Saturday, November 15, 2008

The Clean Plate Club

Yesterday I went out to lunch because I had a headache, my peanut butter sandwich didn't appeal and I wanted a break. What I ordered was good (a turkey-dill omelet) but not quite to my liking--there was something sweet in it although I never discovered what it was.

But being raised to eat everything on my plate, I ate it all. And told the waitress it was good. Why? Because I've been a lifelong member of The Clean Plate Club. I am betting there are quite a few members of the same club who read this blog.

Rules for membership in this not-so-exclusive club are simple. You were born sometime between 1945 and 1970; your parents or grandparents remember the Great Wars and/or the Great Depression. You were one of the babies born to replace the men killed in the war (thus the Baby Boom generation). Your family ate dinner at a specified time, together, every day.

You probably had some dinner rules similar to those that governed our evening meal:

1. Children should be seen and not heard
2. Children should not speak unless spoken to
3. Children should eat everything on their plate!

And with that last rule was born the Clean Plate Club.

To this day I follow Rule #3. I feel uncomfortable when I scrape something off my plate into the trash (starving children in China rise up before my eyes), and I feel guiltily wasteful (do I think money grows on trees?) and like I've been inconsiderate of someone's feelings (someone slaved over a hot stove to prepare that food).

Are there any members of the Club out there? Raise your hands!

13 comments:

Virginia said...

So happy to see you commenting at BlogHer, Granny Sue!

I'm of that generation all right, but sometimes I'm not willing to eat something that's just awful. I ate at a Mexican food place this week. Big ol' chicken burrito that I divided into two meals: one for there, one for home. But the greasy sopaipilla (or the honey I squeezed into it) was just plain nasty. Some things are just too much to expect a person to eat.

WendyTheWanderer said...

I avoid this problem by always having a dog at my side. He's a service dog and goes wherever I do. Zeke is a great pre-wash system and scrap cleaner-upper :-)

ELLOUISESTORY said...

Ah, yes. I know the Clean Plate Club - my parents were also Depression Parents - and I was taught by Catholic nuns. Lasting lessons - Loved your post - shows how those early dos and don'ts hang on. Ellouise

Janet, said...

My parents always told me that there were starving kids in India that would give anything to have my food. But of course, the chicken, mashed potatoes and biscuits were so good on Sunday that we always ate it and the pinto beans, cornbread and fried potatoes the rest of the week were also good.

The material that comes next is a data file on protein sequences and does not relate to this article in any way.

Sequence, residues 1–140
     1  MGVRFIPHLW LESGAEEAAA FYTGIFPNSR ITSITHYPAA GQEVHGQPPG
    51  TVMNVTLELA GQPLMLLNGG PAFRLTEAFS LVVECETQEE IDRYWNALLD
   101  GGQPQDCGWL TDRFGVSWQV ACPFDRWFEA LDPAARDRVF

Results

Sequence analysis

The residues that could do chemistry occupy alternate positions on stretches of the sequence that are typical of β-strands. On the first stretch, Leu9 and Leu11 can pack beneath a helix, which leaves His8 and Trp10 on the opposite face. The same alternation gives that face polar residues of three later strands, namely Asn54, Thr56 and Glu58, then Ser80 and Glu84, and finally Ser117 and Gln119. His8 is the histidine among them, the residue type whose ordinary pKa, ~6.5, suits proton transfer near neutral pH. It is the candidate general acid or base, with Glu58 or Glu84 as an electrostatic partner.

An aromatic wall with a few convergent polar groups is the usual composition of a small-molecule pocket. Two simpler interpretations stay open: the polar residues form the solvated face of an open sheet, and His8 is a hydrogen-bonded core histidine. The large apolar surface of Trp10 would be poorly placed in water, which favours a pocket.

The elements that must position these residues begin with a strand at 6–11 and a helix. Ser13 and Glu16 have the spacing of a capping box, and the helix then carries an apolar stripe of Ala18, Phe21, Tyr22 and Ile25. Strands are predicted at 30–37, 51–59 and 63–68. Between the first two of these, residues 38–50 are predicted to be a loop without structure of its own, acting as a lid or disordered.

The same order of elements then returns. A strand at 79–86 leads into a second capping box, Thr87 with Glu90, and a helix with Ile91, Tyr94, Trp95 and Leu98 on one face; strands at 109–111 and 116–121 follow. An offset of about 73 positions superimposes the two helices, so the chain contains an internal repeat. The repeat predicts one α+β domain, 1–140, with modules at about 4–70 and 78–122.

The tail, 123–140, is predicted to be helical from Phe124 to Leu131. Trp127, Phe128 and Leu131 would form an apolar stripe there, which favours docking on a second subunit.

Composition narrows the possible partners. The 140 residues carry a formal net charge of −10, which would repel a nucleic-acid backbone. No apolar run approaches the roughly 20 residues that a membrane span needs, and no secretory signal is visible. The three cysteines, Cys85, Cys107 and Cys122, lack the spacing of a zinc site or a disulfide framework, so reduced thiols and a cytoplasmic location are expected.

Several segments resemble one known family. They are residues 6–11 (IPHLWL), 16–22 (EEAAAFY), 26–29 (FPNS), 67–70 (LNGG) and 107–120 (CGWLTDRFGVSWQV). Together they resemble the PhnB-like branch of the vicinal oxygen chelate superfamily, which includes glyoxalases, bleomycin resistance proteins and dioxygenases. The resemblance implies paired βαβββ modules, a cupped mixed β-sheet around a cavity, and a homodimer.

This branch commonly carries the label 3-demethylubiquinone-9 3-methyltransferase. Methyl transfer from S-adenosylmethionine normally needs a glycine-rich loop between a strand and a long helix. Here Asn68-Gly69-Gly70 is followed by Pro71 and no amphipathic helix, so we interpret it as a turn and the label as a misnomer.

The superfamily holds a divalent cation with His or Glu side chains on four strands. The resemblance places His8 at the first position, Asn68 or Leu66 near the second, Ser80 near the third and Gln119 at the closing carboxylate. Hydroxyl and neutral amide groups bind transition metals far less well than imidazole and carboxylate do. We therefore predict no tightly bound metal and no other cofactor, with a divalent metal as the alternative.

Anonymous said...

Nope, not me! I am to picky to be on the Clean Plate Club. I never realized how picky I am until I started saying what I didn't like...amazing how long the list gets. So, I guess I could start a new club...the Cat's Meow Club...since our cat is picky also!
tm

Juli said...

Goodness ! Besides being born in the 60's we didn't have any of that. but we did go hungry now and then and ate like pigs when we did have food. Well, except for me, I was terribly picky and did go hungy a lot because of it.

Now we do usually eat everything but what we leave is never wasted. If we eat out we always ask for doggy bags and take everything. If it's not something we would eat then it either gets composted or goes to the animals.

Tracey said...

Count me in!

Nance said...

oh yes! here I am; one of those "plate cleaners. My folks, too, came through the Great Depression. And taught their children to clean up their plates.

Deborah Wilson said...

Count me in too. My parents didn't go through the depression but my grandparents did. We always had to clean our plates or at least give it an earnest try. Now, I still do it - I just don't pile it on the way my grandmothers and Mom did.

Bubbasgotgas said...

I fall out of the age group but I was required to eat everything on my plate. I still do except when I eat out and they put 4 servings of rice and beans on the plate. How is it I order one meal and have at least two.

can-can said...

If you saw my hips you'd know that I'm a member of the clean plate club. I also was not heart but learned to eavesdrop by keeping my head in a book.
I learned to do my chores quickly and then get from underfoot or else my mother would come up with a chore like cleaning all the "what-nots" on the shelf.

earth heart said...

My hand is raised, too. I remember hearing rule #1 quite often. That's just how it was and we didn't even think of leaving food on our plates for the same reasons: starving children and money not growing on trees.

PriscillaHowe said...

Yup. For some of us, it's also a function of being part of a big family. I've been training myself out of the club, but I do take doggy bags often.

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